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Warwick Working with Motel 6 to Curb Rampant Crime

Motel 6 at at 20 Jefferson Blvd., where a man was arrested for crack cocaine possession Dec. 18.
Motel 6 at at 20 Jefferson Blvd.
Motel 6 at at 20 Jefferson Blvd.

Warwick, RI –   It’s been an ignominious year for Motel 6 — 75 arrests, including a sex trafficker this week and meth lab operator the week before— but Warwick officials aim to reform practices at the hospitality chain location and rein in criminal activity.

The motel also made the news when a drive-by shooter who fired blanks was tracked to the location in December, and in August when a Warwick SWAT negotiator had to talk a shooter into surrendering peacefully after he locked himself into a room there.

The activity there hadn’t escaped Mayor Scott Avedisian’s notice, who asked Warwick Police Col. Stephen McCartney to review police visits to Motel 6 after the meth lab arrests.

The Mayor and McCartney were in the process of arranging a meeting with the manager of the motel about the 75 arrests made there this year when the news of the sex trafficker broke. After that, he said, they decided to convene a meeting with the Board of Public Safety and Motel 6 management.

Avedisian said their intent is to look for ways the motel can curb criminal behavior there.

“I will tell you that he is very cooperative,” Avidesian said.

On Thursday, Avedisian announced he is calling upon the Rhode Island Hospitality Association to help heighten awareness to the training available through the American Hotel & Lodging Association to enable hoteliers to identify signs of human trafficking and suspicious activity.

The organization provides a host of anti-human trafficking materials including an Awareness Poster, a Human Trafficking Indicators card, and an online webinar entitled “The Role of Hospitality in Preventing and Reaction to Child Trafficking.”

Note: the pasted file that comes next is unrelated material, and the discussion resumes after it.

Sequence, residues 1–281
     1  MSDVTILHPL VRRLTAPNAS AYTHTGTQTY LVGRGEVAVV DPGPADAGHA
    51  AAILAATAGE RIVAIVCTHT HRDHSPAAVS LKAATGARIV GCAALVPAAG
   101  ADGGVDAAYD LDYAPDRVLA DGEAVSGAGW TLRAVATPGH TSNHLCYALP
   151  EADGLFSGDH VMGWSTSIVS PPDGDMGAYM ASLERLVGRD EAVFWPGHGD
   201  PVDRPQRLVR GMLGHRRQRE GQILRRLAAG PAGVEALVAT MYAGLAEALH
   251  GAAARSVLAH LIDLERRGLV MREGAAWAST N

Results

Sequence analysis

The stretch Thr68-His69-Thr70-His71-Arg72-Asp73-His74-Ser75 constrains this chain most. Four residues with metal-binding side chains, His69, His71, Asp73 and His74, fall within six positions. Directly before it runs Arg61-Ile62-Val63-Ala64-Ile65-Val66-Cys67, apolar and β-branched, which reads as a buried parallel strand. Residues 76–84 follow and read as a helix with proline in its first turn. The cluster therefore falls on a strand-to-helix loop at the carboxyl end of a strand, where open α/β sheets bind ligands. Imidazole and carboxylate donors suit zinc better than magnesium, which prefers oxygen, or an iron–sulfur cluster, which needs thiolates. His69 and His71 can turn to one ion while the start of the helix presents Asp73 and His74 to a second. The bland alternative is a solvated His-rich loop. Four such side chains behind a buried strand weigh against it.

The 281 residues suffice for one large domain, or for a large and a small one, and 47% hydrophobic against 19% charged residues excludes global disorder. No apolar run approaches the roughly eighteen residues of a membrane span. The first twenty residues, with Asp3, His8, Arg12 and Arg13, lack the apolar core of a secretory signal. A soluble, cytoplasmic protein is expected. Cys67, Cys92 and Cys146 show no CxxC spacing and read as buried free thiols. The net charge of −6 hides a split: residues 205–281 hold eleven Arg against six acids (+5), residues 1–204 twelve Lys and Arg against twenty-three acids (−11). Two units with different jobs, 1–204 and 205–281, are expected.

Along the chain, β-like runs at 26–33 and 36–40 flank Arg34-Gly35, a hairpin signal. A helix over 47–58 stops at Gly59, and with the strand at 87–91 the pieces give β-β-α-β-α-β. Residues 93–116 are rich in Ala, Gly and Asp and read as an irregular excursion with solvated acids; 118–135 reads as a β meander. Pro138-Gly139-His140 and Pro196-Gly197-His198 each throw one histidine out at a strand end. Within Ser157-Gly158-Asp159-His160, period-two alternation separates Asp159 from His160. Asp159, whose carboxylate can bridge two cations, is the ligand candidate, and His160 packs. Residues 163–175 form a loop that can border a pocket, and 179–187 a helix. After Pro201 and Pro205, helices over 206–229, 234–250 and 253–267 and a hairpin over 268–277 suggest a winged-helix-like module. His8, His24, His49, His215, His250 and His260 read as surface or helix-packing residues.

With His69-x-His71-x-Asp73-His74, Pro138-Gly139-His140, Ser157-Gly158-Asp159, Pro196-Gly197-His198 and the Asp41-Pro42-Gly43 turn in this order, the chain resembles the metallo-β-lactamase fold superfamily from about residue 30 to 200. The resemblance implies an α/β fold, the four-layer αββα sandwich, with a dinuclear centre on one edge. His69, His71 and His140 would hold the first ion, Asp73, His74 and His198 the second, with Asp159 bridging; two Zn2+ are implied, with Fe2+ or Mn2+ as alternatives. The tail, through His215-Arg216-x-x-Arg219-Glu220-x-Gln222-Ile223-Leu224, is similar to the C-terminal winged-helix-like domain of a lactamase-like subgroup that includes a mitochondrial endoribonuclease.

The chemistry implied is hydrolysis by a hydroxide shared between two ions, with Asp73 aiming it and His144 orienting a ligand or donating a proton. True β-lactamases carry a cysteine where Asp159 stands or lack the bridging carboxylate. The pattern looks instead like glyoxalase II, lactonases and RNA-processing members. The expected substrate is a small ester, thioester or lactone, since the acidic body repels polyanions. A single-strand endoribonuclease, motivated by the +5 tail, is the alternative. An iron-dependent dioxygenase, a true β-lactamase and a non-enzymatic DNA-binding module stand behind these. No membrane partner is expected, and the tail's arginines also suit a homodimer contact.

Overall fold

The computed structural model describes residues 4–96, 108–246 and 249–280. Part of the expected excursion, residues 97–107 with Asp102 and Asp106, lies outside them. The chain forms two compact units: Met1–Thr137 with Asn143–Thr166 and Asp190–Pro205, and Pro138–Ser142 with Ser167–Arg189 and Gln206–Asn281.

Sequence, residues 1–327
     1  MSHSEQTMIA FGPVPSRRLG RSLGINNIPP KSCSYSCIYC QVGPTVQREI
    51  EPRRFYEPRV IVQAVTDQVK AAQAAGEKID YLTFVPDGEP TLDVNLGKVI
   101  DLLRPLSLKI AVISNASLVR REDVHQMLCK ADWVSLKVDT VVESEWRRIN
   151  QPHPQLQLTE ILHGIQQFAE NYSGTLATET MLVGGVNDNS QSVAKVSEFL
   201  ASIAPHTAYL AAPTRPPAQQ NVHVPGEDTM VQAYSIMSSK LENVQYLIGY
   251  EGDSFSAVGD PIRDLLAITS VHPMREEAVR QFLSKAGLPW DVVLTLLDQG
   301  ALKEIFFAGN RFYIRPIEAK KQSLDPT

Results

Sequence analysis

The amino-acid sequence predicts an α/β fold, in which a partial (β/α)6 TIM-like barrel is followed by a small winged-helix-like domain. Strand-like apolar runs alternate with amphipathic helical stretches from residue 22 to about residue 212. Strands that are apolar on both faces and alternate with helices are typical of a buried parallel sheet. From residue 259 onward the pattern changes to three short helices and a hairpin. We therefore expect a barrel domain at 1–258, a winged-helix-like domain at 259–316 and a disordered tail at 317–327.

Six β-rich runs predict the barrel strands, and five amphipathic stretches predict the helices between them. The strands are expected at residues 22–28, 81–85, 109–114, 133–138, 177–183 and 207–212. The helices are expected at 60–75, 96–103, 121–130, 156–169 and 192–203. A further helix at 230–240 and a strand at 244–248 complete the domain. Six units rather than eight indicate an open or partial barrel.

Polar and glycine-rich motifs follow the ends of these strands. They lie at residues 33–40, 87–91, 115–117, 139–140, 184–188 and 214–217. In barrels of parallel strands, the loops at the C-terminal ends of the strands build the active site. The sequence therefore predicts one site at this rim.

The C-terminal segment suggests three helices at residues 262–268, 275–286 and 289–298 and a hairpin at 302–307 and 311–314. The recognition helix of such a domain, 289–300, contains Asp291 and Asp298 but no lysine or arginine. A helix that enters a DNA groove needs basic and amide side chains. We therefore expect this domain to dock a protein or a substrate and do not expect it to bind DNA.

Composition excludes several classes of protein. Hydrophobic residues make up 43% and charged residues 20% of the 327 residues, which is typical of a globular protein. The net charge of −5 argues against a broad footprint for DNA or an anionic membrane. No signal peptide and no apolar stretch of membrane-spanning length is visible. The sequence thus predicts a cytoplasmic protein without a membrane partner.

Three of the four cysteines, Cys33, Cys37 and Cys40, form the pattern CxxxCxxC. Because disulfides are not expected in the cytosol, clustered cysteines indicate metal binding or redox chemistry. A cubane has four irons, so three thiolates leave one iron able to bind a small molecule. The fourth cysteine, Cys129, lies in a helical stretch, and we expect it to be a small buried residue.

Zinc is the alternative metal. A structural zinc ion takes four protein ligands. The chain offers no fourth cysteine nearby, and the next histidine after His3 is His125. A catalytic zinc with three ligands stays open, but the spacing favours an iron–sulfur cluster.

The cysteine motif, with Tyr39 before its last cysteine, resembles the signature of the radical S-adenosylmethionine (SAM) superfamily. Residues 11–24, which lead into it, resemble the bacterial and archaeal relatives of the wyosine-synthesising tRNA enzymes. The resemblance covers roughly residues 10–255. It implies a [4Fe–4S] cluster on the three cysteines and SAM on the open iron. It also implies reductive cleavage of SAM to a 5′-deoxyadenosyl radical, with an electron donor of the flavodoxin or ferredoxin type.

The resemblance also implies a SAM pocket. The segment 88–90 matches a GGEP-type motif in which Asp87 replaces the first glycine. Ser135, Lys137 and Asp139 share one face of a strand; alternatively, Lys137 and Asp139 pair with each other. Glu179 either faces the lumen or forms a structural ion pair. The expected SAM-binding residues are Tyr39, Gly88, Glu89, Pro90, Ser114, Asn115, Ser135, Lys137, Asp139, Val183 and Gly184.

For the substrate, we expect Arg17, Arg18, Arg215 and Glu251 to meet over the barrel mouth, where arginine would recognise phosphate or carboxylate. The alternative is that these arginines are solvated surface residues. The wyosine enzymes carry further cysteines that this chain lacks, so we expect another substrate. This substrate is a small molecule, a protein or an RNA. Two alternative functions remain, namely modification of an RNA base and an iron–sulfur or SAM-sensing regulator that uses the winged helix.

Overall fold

My administration is dedicated to ensuring public safety. I want to assure the people of Warwick that we are taking the incidents which have occurred at Motel 6 over the past week very seriously. I have spoken with Dale Venturini about ways in which the Rhode Island Hospitality Association can help hoteliers recognize the signs of human trafficking, and I would like to take this opportunity to thank them for their assistance. I appreciate Dale’s efforts in getting the word out to hoteliers about the various training materials available on-line through the American Hotel & Lodging Association,” Avedisian said.

“Knowing the signs of potential illegal activity is paramount to stopping it. We are happy to partner with Mayor Avedisian and offer comprehensive training seminars on what to look for. Our industry has an excellent record on self-policing and we will continue to be vigilant and work with our local authorities to ensure that any illegal activity is discovered and dealt with to the full extent of the law,” said Venturini.

When asked whether the city would review the motel’s license, Avedisian said McCartney feels working with Motel 6 and the Hospitality Association is a good first step. If this doesn’t work, Avedisan said, the city will look at other options.

Rob Borkowski
Author: Rob Borkowski

Rob has worked as reporter and editor for several publications, including The Kent County Daily Times and Coventry Courier, before working for Gatehouse in MA then moving home with Patch Media. Now he's publisher and editor of Contact him at [email protected] with tips, press releases, advertising inquiries, and concerns.

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